Roald Dahl’s Charlie and the chocolate factory is 50!

2014 marks the 50th anniversary of Roald Dahl’s classic book, Charlie and the Chocolate Factory published for the first time in 1964 in the United States.

As part of the Penguin’s celebrations, I recently attended a special presentation by Roald Dahl’s grandson Luke Kelly to discuss Charlie’s legacy and the cultural impact. One hour certainly is not enough to encapsulate all the incredible anecdotes on both the book and the author himself.

In fact the man himself has had quite an extraordinary life, often tainted by tragic facts and personal losses. His stories are so incredibly fascinating that sometimes overshadow the author.

Two books have been recently published by Puffin to give justice to one of the most original and revolutionary storytellers of our generation and to shed some light on his personality that certainly explains where the stories come from: ‘The fantastic Mr Dahl’ and ‘Mischief and Mayhem’.
Roald Dahl's Mischief and Mayhem

The fantastic Mr Dahl by Michael Rosen is the first authorised biography of Dahl, written especially for younger readers. This book is frankly more fascinating and entertaining than most biographies being published these days. Maybe it’s due to the unusual mix of biography, extracts from letters that Roald sent to his mother from boarding school, and suggestions for kids on how to become a storyteller. Dahl’s own life has been so adventurous: from being a pilot during the war to becoming a chocolate taster. But he also experienced tragic personal losses such as loosing children of his own and caring for his ill wife.

Rosen is very good at highlighting aspects of Dahl’s life that children would be interested in knowing. I loved the anecdotes about the times Roald spent at boarding school and the letters he used to sent to his mum then filled with spelling mistakes. This shows kids that being a great writer is all about creating compelling stories and that spelling are not so crucial.

Later this year Puffin is publishing Lucy Mangan’s Inside Charlie’s Chocolate Factory. I personally cannot wait to read it. Having met Lucy twice at various events this year, I sense that she has a great sense of humour and also a passion for this book like no other and that made her research the historical facts very thoroughly as well as details about its author. Something too look forward to after the summer.

Meantime on 30th January 2014 to coincide with the 50th anniversary of Charlie and the Chocolate Factory celebrations the publisher Puffin launched The Roald Dahl audio App for iOS devices, which makes it easier to ‘read’ these stories for people spending long time travelling and commuters. The recordings are particularly good in high quality and the price tag varies (Average RRP is £5.99).

What is great about Roald Dahl’s stories is that they have universal appeal and have never been more popular, nor more open to fresh new interpretations. With MATILDA storming the box office and award ceremonies on both sides of the Atlantic and the box office success of Sam Mendes’ stage adaptation of CHARLIE AND THE CHOCOLATE FACTORY (check our show review here), there’s a heightened interest in Roald Dahl’s unforgettable characters and stories.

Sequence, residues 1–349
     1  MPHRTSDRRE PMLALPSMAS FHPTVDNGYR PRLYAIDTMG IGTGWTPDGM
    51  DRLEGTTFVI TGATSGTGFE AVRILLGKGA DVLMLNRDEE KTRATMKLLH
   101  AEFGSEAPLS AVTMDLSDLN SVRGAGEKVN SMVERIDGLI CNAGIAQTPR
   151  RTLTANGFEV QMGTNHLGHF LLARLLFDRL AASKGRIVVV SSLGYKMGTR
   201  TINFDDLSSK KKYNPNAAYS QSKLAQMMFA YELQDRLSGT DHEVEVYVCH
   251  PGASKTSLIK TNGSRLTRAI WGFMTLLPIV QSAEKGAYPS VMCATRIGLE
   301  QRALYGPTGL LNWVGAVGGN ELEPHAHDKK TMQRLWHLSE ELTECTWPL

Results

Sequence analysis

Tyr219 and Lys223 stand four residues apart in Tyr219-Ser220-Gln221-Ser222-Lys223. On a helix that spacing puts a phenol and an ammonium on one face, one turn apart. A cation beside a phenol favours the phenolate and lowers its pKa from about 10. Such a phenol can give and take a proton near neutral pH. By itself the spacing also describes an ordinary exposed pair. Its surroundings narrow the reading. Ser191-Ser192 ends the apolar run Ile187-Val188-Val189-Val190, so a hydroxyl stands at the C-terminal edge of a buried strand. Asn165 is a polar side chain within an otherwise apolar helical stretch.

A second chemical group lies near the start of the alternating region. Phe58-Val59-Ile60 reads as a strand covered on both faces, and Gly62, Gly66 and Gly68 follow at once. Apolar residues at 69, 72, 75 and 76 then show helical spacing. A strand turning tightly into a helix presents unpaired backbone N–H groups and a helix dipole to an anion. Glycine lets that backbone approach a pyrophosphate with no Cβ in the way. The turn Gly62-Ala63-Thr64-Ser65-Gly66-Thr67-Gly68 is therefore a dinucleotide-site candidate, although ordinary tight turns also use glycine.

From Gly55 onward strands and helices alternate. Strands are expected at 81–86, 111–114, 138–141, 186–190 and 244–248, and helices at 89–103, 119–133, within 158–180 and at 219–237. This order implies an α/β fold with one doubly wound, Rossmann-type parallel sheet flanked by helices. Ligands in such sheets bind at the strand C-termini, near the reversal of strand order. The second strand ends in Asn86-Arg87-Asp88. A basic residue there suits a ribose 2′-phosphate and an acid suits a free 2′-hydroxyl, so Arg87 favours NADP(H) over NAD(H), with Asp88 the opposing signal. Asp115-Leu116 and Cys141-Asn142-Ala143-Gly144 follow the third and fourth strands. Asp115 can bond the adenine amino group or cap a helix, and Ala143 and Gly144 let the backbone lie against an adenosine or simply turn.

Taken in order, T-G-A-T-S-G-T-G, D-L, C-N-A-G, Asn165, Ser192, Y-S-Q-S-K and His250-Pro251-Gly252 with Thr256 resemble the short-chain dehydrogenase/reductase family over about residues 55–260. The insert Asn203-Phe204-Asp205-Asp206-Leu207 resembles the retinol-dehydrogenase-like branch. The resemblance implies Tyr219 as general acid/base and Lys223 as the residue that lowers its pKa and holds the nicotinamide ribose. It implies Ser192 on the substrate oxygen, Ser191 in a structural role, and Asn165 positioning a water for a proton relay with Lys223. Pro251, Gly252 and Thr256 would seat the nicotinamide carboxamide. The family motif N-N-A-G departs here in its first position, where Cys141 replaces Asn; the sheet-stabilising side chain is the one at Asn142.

Who isn’t familiar with at least one of the big screen adaptations of the book? CHARLIE AND THE CHOCOLATE FACTORY was adapted into two major motion pictures: Willy Wonka & the Chocolate Factory in 1971, and Charlie and the Chocolate Factory in 2005. The book’s sequel, Charlie and the Great Glass Elevator, was written by Roald Dahl in 1972. Dahl had also planned to write a third book in the series but never finished it.

According to Luke Kelly and Lucy Mangan the best movie is the 1971 adaptation although Roald Dahl himself did not like it very much. They believe that this film best expressed Dahl’s original world of Charlie and Willy Wonka.

But I guess this is down to personal taste. I absolutely love the Jonny Depp movie from 2005 although it is different and takes some of the book’s elements to extremes. This is a more modern interpretation of the book. The point is that this story is so timeless and has such universal appeal that can be seen and interpreted in endless ways.

Luke was very young when his Grandfather Roald died but he could still remember his huge presence at mealtimes. We can almost sense his presence when we read his books. Hardly surprising that Roald had a huge personality!

Puffin has lined up a nothing less than stellar cast to record new audiobooks of Roald Dahl’s canon for kids, with celebrity readers including Kate Winslet, David Walliams, Stephen Fry, Peter Serafinowicz, Douglas Hodge and Julian Rhind-Tutt.

The audiobook of CHARLIE AND THE CHOCOLATE FACTORY is read by Douglas Hodge who has played the role of Willy Wonka in the West End Show until very recently.

With favourite heroes, foulsome fiends, tricksy inventors and magical mischief coupled with anarchic, spiky and modern performances from a stellar line up of readers, plus specially composed music and enhanced sound effects, Dahl’s classic stories are brought to life for a whole new generation. This is audio storytelling as you’ve never heard it before!

Check The Making of the Roald Dahl Audiobooks documentary below – it makes it interesting watching:

There are lots of free audiobooks on You Tube you can listen but the new versions are better simply because the sound effects allow the stories to come alive and the actors / voices are so realistic that you feel you are living in the story.

Watch this space for more Charlie and the Chocolate Factory news soon! Long live Roald Dahl’ literature!

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